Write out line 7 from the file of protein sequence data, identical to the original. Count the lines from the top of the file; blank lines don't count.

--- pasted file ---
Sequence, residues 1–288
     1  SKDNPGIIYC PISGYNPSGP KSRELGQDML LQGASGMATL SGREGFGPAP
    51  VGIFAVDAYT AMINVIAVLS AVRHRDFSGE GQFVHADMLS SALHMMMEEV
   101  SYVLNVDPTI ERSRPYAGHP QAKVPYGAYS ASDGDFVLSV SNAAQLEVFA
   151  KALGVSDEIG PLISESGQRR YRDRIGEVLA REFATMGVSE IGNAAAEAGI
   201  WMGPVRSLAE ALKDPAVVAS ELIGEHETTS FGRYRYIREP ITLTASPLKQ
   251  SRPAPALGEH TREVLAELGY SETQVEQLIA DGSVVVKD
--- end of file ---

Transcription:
   251  SRPAPALGEH TREVLAELGY SETQVEQLIA DGSVVVKD